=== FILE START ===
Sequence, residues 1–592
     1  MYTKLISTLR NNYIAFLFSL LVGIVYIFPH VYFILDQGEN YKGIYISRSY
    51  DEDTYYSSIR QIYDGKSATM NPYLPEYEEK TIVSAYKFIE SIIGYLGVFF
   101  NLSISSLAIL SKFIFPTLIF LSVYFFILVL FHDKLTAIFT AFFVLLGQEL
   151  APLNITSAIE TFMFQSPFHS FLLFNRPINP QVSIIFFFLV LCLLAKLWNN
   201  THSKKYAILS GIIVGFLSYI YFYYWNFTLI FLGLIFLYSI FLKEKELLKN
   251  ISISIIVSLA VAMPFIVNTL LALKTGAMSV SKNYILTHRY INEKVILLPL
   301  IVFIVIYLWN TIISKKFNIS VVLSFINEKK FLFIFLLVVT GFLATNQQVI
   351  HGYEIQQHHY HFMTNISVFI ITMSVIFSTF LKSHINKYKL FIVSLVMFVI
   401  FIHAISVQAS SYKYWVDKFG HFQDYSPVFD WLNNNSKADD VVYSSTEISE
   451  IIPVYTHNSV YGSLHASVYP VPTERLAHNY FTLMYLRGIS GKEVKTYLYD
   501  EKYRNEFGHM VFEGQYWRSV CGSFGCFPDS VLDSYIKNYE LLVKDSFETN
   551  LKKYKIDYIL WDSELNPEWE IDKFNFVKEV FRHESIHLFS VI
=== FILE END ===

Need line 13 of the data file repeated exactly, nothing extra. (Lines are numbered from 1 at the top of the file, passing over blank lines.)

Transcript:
   551  LKKYKIDYIL WDSELNPEWE IDKFNFVKEV FRHESIHLFS VI